Critical to the success of these methods will be transparency regarding data sources and analytic methods so that payers will understand and trust the results. In addition, systematic analyses of NGS implementation efforts such as the IGNITE (Implementing Genomics in Pratice) network demonstrate that sustainability drivers include infrastructure (EHR, CDS, laboratories, manufacturers, community), evidence of clinical effectiveness, economic measures, workforce and workflow impact, provider and patient education, regulatory/legal updates specific to NGS, and stakeholder engagement in research. After a priority-setting exercise, the top 3 sustainability constructs were provider education, availability of genomic-focused CDS/EHR tools, and reimbursement.
      • Levy K.D.
      • Blake K.
      • Fletcher-Hoppe C.
      • et al.
      Opportunities to implement a sustainable genomic medicine program: lessons learned from the IGNITE Network.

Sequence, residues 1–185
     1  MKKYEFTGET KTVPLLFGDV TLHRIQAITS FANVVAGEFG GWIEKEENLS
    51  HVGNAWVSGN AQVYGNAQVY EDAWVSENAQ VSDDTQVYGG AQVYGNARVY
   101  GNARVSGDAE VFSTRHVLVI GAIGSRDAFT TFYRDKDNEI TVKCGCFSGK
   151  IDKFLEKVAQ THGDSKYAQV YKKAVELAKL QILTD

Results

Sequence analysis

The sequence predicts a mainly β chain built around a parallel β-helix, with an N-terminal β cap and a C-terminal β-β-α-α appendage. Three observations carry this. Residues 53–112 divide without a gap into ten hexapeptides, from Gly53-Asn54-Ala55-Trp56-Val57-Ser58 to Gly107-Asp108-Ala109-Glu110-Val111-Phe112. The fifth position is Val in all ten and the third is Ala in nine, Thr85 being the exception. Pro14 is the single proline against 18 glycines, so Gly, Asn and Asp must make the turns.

Addressing these constructs is necessary to ensure the quality and availability of RWD and RWE.
      Finally, there are several policy developments that are also endorsing greater use of RWE by stakeholders that influence payers. In 2017, the Center for Devices and Radiologic Health and the Center for Biologics Evaluation and Research at the FDA issued a guidance document describing the use of RWE to support regulatory decision making for medical devices.
      Use of real-world evidence to support regulatory decision-making for medical devices: guidance for industry and food and drug administration staff.
      The goal is to incentivize the creation of a system for characterizing, aggregating, and analyzing data from all uses of medical devices so that innovative and accurate tests are made available to patients as efficiently as possible. Related efforts include FDA guidance on the use of public human genetic variant databases to support claims of clinical validity for genomic-based IVD and considerations for the development of evidence of analytic validity for NGS-based IVDs for suspected germline diseases.